Why I Choose the Term “Sex Work” Over “Prostitution”—and You Should Too

Because most sex workers themselves do (duh). But if you’re looking for a deeper explanation, Revolting Prostitutes: The Fight for Sex Workers’ Rights, just out in a Korean translation, would be a great place to start.

Estimated Reading Time: 4 minutes. Sources: Aladin, mikoto.raw Photographer from Pexels.

Once upon a time, I lived with male sex workers in a red-light district in New Zealand, shortly before sex work’s decriminalization there. Truthfully, the experience was no great eye-opening introduction to LGBTQ politics and sex workers’ rights. They were under no obligation to provide one, and were much too busy working, taking drugs, and partying to care anyway, even when they saved time by doing all three simultaneously. Mostly then, what I did learn was how to dance half-naked to Cher’s latest hit on the DJ equipment in our living room, which also happened to have hundreds of thousands of dollars’ worth of Eastern Orthodox iconography of saints hanging on its walls. (It’s a long story.) Under their judgmental eyes, I’d hear a great many confessions from my newfound friends and flatmates over the next 18 months, including letting go of their tough, affected exteriors for a moment and letting me know how much it bothered them that I—who should know better—called them “prostitutes.” Of course I stopped immediately, just like it’s basic respect to automatically defer to people’s preferred pronouns today.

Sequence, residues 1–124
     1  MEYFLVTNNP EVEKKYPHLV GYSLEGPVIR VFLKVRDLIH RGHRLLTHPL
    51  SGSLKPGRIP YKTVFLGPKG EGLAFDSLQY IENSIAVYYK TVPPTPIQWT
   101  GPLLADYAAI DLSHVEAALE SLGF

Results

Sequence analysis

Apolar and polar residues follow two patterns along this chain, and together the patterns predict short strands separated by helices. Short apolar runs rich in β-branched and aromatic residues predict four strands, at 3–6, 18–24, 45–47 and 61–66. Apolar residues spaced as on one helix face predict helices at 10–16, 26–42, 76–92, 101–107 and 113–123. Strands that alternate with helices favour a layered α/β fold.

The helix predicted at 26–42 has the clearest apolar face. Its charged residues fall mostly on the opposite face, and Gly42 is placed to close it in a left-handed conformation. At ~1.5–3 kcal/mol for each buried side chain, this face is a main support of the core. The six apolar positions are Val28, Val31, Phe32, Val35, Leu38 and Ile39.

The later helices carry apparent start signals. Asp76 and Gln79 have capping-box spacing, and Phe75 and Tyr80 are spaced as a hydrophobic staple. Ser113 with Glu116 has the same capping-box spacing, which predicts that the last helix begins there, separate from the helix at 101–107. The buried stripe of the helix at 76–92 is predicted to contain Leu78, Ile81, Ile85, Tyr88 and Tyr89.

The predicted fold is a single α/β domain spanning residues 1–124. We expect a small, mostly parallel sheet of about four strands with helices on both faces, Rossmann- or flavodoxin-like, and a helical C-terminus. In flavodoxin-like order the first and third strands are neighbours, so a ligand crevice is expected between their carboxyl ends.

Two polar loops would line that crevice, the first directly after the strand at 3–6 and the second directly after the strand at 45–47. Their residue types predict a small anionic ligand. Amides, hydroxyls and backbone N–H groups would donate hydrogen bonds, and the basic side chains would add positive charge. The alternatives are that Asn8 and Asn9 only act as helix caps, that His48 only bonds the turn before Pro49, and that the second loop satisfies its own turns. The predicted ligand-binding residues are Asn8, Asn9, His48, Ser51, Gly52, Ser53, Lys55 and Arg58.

Sadly, since moving to Korea and settling down, I only occasionally dance half-naked in the living room now. (My teenage daughters are somewhat less sad about that.) Also, recent events notwithstanding, I’m a lot less likely to find amphetamines lying around on the floor than I did back then too. Which is a pity, because I needed the energy. For a long time, I was just too sleep-deprived and focused on nappies and piggy-backs to give much thought to sex work. Just between you and me, I may even have been too tired to remember to use the s-word for a while.

Then I started this blog. Although I can’t claim to have personally met sex workers and activists as a result of my eye-catching, shamelessly stolen byline, I have met people who know many well. Again, I learned that worldwide, terms that focus on the job, rather than historical terms that stigmatize with their connotations of criminality and immorality, are generally preferred by sex workers themselves. So I’ve been at pains to use “sex work(er)” ever since. (In Korean, “성노동[자],” rather than the generic “성매매.”)